Active Voice: More Maternal Physical Activity May Lead to Leaner Pre-Adolescent Children
by James M. Pivarnik, Ph.D., FACSM
Active Voice is a column by ACSM experts in science, medicine and allied health. The viewpoints expressed do not necessarily reflect positions or policies of ACSM. NOTE: The research discussed in the following feature was presented at the 57th ACSM Annual Meeting June 2-5, 2010. Lanay Mudd and Sarah Bartholomew were co-authors on this presentation.
James M. Pivarnik, Ph.D., FACSM, is a professor in the Departments of Kinesiology and Epidemiology at Michigan State University. He directs the Center for Physical Activity and Health and is the University Research Integrity Officer. His research focuses on health aspects of exercise during pregnancy and the postpartum period. Jim is immediate past president of the ACSM and leader of the 2009-2010 ACSM “Exercise is Medicine™ On Campus” initiative.
Erin Kuffel is a doctoral candidate at Michigan State University. She will obtain her Ph.D. in Kinesiology with a specialization in exercise physiology in Spring 2011. Her research interests are the effects of physical activity during pregnancy on both the mother and child. For this particular project, Erin played an integral part in data collection, analysis, and interpretation. She is a student member of ACSM and presented part of this research at the 57th Annual Meeting of the American College of Sports Medicine.
The prevalence of childhood overweight and obesity is approximately 32 percent and behavior modifications are necessary to curb this epidemic. Oftentimes, child physical activity (PA) levels and diet are examined, as they are obviously the keys to energy balance. There is some evidence that the in-utero environment, including maternal physical activity during pregnancy, may also be involved with energy balance. However, this behavior has not been well-studied with respect to a child's body size. Our line of research on maternal physical activity during pregnancy on child health includes the effect on child’s body size at age 8-10 years. We found that a mother’s current aerobic fitness was inversely related to her child’s body mass index (BMI), percent fatness, and waist circumference at age 8-10 years. We hypothesized that the mother’s current aerobic fitness acted as a surrogate of pregnancy fitness level and possibly enhanced the in-utero environment. Thus, our study participants who were more aerobically fit currently were also fitter during pregnancy and currently have children with lower body size and fatness. This finding supports the notion that fitter women provide an in-utero environment that supports growth less likely to predispose their infant to high body fatness.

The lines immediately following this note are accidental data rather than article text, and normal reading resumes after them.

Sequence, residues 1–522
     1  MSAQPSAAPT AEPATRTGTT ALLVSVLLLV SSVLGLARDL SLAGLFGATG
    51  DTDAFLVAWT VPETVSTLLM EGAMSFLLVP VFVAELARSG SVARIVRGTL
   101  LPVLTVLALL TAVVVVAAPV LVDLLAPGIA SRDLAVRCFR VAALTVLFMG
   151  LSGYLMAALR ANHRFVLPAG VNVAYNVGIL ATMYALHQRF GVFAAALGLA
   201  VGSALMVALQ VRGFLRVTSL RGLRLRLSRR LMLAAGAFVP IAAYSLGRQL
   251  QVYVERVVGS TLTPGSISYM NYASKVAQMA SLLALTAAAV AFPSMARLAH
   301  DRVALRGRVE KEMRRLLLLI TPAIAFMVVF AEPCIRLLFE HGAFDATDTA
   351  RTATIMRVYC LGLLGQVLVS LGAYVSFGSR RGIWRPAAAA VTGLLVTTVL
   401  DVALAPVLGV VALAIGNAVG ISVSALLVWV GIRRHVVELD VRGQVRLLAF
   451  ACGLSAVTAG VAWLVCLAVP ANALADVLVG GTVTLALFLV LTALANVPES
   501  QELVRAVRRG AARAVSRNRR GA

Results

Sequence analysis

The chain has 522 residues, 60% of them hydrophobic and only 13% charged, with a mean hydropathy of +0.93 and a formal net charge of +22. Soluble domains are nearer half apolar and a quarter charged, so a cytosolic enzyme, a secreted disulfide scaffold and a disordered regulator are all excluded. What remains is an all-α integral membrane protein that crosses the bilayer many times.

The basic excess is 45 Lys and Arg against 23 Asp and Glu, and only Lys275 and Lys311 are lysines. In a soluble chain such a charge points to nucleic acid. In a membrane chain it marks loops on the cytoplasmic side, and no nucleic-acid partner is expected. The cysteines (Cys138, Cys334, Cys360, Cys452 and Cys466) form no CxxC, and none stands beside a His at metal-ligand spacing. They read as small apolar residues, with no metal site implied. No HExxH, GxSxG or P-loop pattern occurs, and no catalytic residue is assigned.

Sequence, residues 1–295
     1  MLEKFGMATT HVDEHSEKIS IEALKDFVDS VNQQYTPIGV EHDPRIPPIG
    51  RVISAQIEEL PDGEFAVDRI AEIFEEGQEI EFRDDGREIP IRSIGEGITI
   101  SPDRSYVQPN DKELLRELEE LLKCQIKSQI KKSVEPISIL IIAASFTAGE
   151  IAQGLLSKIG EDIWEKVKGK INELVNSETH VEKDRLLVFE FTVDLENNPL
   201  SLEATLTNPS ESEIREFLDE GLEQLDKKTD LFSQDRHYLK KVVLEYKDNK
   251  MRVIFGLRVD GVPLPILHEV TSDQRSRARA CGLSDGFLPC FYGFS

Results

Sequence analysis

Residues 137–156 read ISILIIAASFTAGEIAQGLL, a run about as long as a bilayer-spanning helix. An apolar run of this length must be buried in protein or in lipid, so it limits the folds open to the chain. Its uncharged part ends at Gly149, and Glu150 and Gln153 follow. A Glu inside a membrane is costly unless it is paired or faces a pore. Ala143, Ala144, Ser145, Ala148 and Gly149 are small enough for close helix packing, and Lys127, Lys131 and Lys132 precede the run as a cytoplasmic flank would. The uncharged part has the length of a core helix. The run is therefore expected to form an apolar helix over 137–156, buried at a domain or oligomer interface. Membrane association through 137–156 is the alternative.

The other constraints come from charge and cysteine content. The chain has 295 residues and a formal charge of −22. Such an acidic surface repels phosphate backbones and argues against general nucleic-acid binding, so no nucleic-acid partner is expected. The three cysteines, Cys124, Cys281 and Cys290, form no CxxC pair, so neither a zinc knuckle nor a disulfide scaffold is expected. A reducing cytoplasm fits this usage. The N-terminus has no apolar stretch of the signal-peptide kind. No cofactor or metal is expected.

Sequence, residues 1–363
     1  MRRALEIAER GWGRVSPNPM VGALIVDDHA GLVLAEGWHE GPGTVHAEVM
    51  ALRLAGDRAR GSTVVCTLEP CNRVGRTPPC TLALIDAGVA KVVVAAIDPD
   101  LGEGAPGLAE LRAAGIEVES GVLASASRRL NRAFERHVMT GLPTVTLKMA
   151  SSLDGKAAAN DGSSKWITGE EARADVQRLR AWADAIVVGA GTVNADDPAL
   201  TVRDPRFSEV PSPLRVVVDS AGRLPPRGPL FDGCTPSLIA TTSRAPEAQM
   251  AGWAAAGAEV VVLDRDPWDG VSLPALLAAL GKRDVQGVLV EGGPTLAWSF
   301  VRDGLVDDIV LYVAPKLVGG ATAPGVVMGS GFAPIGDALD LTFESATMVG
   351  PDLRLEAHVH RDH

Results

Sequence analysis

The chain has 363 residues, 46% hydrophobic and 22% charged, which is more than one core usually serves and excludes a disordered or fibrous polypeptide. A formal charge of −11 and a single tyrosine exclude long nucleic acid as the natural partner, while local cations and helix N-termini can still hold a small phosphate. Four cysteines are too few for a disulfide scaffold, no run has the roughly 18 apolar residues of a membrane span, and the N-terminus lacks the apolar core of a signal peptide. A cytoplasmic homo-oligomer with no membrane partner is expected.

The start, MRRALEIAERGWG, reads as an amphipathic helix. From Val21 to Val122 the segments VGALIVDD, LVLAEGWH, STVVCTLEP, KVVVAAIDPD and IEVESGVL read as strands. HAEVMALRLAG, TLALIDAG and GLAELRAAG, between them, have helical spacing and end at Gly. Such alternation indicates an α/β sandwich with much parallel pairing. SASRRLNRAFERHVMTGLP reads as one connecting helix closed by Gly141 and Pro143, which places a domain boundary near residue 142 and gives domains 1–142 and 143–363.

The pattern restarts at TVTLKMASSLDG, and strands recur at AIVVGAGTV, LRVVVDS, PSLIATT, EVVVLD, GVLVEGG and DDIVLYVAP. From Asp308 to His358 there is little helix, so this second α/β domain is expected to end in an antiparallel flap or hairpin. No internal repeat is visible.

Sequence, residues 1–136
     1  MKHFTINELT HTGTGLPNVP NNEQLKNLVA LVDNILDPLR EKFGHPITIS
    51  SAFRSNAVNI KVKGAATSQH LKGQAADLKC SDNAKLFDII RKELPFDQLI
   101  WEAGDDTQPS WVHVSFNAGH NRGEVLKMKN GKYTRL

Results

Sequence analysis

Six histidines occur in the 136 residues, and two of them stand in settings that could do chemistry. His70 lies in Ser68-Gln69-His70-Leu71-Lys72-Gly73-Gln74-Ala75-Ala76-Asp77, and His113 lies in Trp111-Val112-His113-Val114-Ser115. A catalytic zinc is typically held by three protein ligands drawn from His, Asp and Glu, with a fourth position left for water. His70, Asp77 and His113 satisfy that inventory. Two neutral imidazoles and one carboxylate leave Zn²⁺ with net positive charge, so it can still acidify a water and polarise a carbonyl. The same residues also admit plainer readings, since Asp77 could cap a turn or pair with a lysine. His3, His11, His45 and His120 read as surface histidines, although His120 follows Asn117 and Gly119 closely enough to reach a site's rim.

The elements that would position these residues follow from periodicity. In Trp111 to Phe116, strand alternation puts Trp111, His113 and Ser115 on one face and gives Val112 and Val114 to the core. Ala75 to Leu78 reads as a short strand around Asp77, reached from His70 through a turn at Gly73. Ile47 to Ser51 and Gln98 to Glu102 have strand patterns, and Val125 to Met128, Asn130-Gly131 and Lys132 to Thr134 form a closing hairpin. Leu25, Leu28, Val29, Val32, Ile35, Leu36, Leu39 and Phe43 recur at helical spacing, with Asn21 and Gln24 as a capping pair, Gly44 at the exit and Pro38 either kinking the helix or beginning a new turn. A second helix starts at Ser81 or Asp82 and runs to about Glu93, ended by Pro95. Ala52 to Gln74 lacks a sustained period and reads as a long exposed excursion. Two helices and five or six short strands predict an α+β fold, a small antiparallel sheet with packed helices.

We also found that these mothers recalled higher levels of PA during their second and third trimesters, which were related to lower child body size measurements at 8-10 years of age. The second and third trimester is when a majority of fetal growth occurs and therefore, higher levels of PA by the mother later in pregnancy may beneficially alter the in-utero environment. Overall, our results support the works of other researchers who found lighter and leaner infants at ages 1 and 5 years among women who exercised throughout pregnancy, by extending the findings to older children (8-10 years).
There are many reasons why women should become or remain physically active during pregnancy, with most research focusing on maternal effects. Our preliminary findings provide support for an additional health benefit from maternal PA, with the recipient being the child. Specifically, a mother’s PA levels during pregnancy could have a lasting, beneficial effect on her child’s body size. Therefore, promotion of PA during pregnancy, especially during the second and third trimesters, is imperative for not only a woman's health, but the health of her child as well.
Editor’s note: See Sports Medicine & Exercise Science Headlines for Tips for Pregnant Runners.